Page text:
Let’s take an escapade with a plant native to the Arab world and Central Asia. Areas like Iran, Turkey and Afghanistan act as major contributors to the plight of this plant. Our featured plant grows as a small tree. It delivers delectable, edible seeds that are enjoyed by cultures all over the world.
As the 19th century unfolded, the tree meandered its way over to the United States. Flourishing in states like California, Arizona and New Mexico. Hovering around 25-30 feet tall and amazingly, it can live upwards of 300 years.
Oftentimes misconstrued as a nut, these sweet morsels are technically classified as seeds.
Have you zeroed in on it? I think you might be on the right track. Okay then…
Let’s circumvent the pistachio tree!
The edible portion of a pistachio tree is the seed. It grows inside the tree fruit, which is known as a drupe. The drupe hardens as it dries out, enclosing the seed inside a hard shell. Sometimes the shell splits as it hardens. If you listen closely, you can actually hear the pop as it cracks open. Pretty neat to hear natural sounds of flora like that.
Pistachios are an extremely healthy snack. Copious amounts of nutrients crammed inside one tiny seed. Some of the more popular health benefits include the following.
- High in protein, but low in calories (unlike most nuts, which are high in calories).
- More antioxidants in a pistachio than most other nuts or seeds. This helps prevent cell damage in the human body. Also reduces the risk of cancer and other nasty diseases.
- Pistachios are one of the biggest hitters in regards to Vitamin B6. Plays a vital role in keeping our immune system and nervous systems healthy.
- High in potassium. Since the human body doesn’t produce potassium naturally, it’s critical to eat foods containing potassium.
- High source of fiber. This helps normalize our bowel movements, amongst other things.
As with any food, consuming to much of any one thing is not a good idea. If you buy roasted pistachios from a store, be careful, they are usually salted. This renders them high in sodium and eating to much sodium can lead to heart disease or high blood pressure.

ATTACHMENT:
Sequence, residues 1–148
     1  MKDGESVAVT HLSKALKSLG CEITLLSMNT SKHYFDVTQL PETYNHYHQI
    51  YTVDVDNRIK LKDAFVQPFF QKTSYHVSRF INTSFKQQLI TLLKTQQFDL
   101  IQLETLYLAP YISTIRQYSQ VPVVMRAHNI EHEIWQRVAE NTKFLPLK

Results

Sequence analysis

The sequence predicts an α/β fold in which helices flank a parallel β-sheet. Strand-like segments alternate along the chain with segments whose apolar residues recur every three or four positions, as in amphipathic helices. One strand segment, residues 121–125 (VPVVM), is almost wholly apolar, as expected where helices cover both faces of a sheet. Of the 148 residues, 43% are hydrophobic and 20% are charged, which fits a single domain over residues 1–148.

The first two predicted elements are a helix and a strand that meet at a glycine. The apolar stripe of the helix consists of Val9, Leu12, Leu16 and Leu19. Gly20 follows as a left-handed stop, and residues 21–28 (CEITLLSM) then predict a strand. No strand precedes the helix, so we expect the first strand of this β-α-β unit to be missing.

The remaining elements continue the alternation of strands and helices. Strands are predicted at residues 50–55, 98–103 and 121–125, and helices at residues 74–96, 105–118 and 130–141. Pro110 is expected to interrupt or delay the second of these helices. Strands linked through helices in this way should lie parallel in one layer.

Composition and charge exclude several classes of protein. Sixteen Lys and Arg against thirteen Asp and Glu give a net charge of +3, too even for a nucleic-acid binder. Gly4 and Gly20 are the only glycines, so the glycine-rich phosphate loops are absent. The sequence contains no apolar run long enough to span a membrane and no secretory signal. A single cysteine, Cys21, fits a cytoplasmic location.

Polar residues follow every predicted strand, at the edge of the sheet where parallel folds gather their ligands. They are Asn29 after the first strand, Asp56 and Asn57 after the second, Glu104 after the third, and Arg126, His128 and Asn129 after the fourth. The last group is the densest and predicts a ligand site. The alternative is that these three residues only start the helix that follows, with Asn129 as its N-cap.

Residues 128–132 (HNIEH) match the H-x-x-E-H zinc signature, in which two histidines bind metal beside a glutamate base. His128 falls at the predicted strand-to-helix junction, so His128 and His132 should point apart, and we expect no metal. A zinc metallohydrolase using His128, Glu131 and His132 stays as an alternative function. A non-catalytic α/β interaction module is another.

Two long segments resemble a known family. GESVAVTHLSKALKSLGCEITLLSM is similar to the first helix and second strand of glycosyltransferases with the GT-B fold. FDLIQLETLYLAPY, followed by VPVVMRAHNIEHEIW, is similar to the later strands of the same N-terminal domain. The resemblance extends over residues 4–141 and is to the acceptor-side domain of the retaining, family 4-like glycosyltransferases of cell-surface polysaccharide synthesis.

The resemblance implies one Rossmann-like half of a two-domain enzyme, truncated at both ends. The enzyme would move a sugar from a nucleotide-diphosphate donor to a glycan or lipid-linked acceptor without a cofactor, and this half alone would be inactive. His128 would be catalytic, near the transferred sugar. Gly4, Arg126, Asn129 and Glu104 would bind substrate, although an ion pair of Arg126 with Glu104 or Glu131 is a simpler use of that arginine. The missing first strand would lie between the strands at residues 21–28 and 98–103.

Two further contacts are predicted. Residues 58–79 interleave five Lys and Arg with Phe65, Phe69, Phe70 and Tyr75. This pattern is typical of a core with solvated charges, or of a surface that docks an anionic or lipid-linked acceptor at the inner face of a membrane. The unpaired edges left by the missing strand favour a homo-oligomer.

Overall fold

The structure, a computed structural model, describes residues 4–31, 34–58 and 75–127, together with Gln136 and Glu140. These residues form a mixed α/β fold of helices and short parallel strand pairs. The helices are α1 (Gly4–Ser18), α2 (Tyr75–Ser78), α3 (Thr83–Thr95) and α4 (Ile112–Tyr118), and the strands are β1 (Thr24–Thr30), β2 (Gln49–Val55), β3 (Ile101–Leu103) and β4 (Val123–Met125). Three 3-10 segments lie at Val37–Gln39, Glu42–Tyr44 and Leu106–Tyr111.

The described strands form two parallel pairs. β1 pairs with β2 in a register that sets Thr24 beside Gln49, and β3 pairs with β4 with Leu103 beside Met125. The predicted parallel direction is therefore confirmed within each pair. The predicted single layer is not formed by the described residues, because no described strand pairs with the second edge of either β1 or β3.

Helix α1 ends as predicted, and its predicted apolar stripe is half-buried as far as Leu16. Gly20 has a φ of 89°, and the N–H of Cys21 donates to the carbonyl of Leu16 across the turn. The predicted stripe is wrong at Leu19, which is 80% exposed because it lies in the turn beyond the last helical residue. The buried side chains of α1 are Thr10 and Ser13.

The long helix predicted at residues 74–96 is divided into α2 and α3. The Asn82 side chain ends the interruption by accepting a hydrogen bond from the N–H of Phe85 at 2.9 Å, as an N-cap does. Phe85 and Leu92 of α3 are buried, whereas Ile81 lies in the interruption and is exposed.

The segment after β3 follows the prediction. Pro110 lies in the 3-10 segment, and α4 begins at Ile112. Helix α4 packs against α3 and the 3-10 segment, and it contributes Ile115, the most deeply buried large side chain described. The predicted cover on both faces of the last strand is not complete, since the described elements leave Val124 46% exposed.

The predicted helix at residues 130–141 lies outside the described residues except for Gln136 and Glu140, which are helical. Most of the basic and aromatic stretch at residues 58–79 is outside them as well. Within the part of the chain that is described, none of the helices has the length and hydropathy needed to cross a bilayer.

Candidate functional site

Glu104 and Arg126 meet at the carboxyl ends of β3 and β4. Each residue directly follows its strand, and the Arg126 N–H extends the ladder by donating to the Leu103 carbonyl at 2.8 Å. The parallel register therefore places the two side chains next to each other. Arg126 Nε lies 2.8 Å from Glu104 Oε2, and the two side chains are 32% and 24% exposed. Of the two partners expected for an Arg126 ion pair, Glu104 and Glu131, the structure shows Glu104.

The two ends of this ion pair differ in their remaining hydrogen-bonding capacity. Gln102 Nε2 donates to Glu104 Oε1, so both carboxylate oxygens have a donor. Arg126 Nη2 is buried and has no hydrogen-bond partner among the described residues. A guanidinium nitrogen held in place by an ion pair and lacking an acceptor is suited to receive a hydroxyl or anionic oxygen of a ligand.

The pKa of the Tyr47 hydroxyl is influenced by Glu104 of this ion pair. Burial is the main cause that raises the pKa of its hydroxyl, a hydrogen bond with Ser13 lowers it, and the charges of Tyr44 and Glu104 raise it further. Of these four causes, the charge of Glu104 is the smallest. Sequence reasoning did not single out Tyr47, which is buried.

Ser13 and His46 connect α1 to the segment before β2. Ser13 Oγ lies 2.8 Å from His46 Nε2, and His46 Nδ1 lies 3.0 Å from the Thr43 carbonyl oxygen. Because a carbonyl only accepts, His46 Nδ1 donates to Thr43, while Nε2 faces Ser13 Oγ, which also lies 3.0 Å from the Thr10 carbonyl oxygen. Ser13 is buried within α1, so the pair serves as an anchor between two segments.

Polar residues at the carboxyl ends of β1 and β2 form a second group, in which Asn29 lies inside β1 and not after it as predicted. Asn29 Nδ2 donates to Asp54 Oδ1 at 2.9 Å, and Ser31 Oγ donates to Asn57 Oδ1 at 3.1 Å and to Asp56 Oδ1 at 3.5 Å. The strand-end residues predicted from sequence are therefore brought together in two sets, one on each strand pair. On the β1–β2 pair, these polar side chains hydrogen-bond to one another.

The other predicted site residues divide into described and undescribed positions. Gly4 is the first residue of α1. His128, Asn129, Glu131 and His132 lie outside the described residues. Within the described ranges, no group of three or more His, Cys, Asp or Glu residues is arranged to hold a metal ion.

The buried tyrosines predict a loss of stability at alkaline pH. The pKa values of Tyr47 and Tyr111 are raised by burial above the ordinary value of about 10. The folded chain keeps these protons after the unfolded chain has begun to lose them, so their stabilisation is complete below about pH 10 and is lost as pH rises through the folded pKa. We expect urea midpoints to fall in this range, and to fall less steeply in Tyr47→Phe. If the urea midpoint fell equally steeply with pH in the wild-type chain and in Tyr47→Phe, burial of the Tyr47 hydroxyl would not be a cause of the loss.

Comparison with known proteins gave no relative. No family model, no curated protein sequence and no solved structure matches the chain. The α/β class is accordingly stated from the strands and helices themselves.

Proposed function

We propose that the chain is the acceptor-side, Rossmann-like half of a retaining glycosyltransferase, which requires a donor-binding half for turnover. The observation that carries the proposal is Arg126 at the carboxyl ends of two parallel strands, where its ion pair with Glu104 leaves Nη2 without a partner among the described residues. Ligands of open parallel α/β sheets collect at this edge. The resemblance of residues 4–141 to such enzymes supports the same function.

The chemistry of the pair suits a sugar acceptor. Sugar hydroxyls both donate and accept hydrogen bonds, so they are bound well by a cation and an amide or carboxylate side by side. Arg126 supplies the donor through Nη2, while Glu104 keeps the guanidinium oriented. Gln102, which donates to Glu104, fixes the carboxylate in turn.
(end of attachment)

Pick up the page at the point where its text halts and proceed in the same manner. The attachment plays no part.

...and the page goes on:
A pistachio tree is difficult to grow. Found almost exclusively in orchards due to the complications of growing such bountiful trees. It takes nearly a decade before you will see any significant crop form. It’s more like 20 years before a tree operates at a peak performance.
Growing a pistachio tree is hindered by one major factor. Both a male and female tree are required to produce fruit. One male tree can handle about 25-30 female trees. They should be planted close to one another. Pollen from the male tree will hitch a ride in the wind to pollinate the female trees. She then bears the weight of the fruit. Raise your hand if this sounds familiar ladies!
Some of the finest pistachio trees in the world are located in Sicily. Rich volcanic soil make it an ideal growing site. Police must keep patrols in the area to ensure everything is kosher with their prized trees.
When ready to eat, cracking open a shell can be an arduous task. Some come with a natural crack, making them easier to open. Other shells are closed up completely and you will need to apply significant force to crack them open.
The pistachio is a fixture in many cultures around the world. Chinese cultures consider them a “happy nut.” The cracked shell gives it the appearance of a smiling face. They are often gifted as a sign of happiness and good fortune.
In the Middle East, pistachio trees have fueled the economy dating back thousands of years ago. Iran is currently the leading producer in the world. The United States follows close behind.
As our pistachio trip draws to a close, we end with a few fun facts.
China consumes more pistachios than any other nation. With an increasing appetite for these delicious seeds, prices continue to climb. The world has finally become wise to the host of health benefits pistachios provide.
The closest botanical relatives of the pistachio tree include cashews, poison ivy and mangos. If you’re asking yourself, how are these plants related, it may help to recall my blog on poison ivy. The sap that fuels the PI rashes, is known as urushiol. This same sap is found in varying potencies in these trees.
February 26th is National Pistachio Day. A day when lovers of the tree prepare meals, share recipes and frolic in the joy they have for everything pistachio!
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